Although I will continue to argue that the distribution capacity and capability of a studio in fact defines a studio, this is not the popular starting point.
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Most look at a studio as a “super producer,” with the financial muscle to create a large range of product. Given consolidation of most TV networks into vertically integrated groups, this range of product is further diversified by primary outlet (e.g., made for film, TV, online).
Although I may refer in some of the examples below to only one category, such as film, the premise often holds across media types, which accentuates the distribution diversity under the broader media groups. Quantity It is instructive to compare a studio to an independent on two basic grounds: quantity of product and average product budget. On these two statistics alone, it would be easy to segment studios.
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From a pure quantity standpoint, studios have the greatest volume of product.
MPAA member companies collectively tend to release in the range of 200 new feature films per year, and while the total number of independent films released is roughly double that number (~400/year in each of 2006 and 2007 for a total of roughly 600 films/year released in the United States), the independent releases tend to be on a much smaller scale and capture only a sliver of the total box office receipts (even if, as of late, they are capturing more of the awards glory).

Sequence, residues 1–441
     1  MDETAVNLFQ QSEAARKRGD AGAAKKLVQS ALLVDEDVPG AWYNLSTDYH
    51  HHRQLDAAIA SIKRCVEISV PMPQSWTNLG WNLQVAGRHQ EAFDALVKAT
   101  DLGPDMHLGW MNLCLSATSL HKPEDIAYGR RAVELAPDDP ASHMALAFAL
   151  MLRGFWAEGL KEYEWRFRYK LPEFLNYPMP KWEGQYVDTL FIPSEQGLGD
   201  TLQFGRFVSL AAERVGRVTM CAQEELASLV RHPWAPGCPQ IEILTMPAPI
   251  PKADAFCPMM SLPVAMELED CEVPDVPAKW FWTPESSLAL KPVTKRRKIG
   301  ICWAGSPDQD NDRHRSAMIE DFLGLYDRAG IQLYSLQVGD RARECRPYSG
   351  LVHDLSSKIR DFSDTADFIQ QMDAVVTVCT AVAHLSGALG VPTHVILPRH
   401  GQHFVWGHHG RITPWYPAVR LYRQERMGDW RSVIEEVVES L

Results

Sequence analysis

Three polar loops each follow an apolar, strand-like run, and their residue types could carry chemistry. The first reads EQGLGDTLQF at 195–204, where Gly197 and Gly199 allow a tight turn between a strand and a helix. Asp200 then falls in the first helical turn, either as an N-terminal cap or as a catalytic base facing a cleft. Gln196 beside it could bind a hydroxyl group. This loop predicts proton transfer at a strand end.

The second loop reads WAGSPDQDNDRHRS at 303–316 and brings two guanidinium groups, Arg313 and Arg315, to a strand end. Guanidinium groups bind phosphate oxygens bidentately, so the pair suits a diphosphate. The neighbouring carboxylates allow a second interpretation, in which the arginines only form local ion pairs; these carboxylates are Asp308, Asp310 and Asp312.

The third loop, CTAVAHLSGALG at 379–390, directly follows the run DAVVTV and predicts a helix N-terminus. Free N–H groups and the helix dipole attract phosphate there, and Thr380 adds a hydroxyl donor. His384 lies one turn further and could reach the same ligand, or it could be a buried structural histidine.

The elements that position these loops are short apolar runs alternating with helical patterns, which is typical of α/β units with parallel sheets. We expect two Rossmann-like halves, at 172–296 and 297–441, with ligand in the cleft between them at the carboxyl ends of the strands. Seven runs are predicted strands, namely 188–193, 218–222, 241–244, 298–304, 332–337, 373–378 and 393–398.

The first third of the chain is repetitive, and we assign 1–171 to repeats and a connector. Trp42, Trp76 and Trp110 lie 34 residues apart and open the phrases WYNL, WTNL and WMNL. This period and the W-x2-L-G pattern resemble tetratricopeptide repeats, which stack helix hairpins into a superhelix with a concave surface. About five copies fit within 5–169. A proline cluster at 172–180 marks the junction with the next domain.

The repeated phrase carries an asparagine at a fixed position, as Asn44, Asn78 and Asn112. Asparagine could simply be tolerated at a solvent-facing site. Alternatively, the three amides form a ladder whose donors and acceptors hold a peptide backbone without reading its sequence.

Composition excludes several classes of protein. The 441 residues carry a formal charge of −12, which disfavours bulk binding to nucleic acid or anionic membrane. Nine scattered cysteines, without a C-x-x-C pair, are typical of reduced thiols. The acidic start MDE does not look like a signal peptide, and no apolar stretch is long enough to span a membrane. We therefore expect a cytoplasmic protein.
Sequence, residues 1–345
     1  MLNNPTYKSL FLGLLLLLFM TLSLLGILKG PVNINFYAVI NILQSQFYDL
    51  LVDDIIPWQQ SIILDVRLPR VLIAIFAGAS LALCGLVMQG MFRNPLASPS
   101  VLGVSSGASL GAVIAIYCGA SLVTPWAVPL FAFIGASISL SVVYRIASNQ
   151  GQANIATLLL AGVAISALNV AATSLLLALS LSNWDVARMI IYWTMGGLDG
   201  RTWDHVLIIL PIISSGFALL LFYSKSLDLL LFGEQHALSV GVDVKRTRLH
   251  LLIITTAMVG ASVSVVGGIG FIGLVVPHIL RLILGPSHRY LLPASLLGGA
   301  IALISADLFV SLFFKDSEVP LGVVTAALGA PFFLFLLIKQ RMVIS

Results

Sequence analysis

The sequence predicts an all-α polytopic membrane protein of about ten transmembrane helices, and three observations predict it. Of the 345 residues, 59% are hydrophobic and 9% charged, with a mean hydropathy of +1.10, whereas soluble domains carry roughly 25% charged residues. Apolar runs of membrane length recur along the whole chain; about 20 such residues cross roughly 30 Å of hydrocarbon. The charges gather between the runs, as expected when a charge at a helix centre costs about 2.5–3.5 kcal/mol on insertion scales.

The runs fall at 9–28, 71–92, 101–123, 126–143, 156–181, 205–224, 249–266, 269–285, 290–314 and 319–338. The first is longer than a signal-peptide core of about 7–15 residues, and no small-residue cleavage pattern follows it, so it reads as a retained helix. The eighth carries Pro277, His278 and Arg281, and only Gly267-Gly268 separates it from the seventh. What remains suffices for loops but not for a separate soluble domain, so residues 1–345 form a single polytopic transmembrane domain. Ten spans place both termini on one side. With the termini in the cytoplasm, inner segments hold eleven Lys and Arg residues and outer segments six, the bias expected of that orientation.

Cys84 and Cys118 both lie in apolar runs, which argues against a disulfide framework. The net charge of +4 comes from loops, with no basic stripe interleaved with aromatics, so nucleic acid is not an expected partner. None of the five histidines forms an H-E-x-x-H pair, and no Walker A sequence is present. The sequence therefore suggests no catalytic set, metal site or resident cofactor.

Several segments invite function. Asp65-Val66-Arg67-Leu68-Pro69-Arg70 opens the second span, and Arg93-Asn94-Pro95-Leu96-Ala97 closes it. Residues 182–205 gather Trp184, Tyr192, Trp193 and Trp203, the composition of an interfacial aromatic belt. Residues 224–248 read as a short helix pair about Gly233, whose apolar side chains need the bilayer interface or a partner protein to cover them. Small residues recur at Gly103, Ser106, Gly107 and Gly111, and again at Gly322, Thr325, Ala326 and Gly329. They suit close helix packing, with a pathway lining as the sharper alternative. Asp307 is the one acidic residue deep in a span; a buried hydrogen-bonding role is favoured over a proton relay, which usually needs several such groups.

(Note: A good example of a top independent, often releasing pictures gaining recognition at film festivals, is Samuel Goldwyn Films.) Viewed from the standpoint of an independent producer, which companies tend to be dedicated to the output of individuals (e.g., a producer or director), even the largest and longest tenured independents are limited to the number of films their key players can handle in a given period.
New Regency, headed by Arnon Milchan, and Imagine, led by Brian Grazer and Ron Howard, are two of the largest and most consistently producing independents over the last several years. These two companies, respectively, have distribution output deals with Fox and Universal.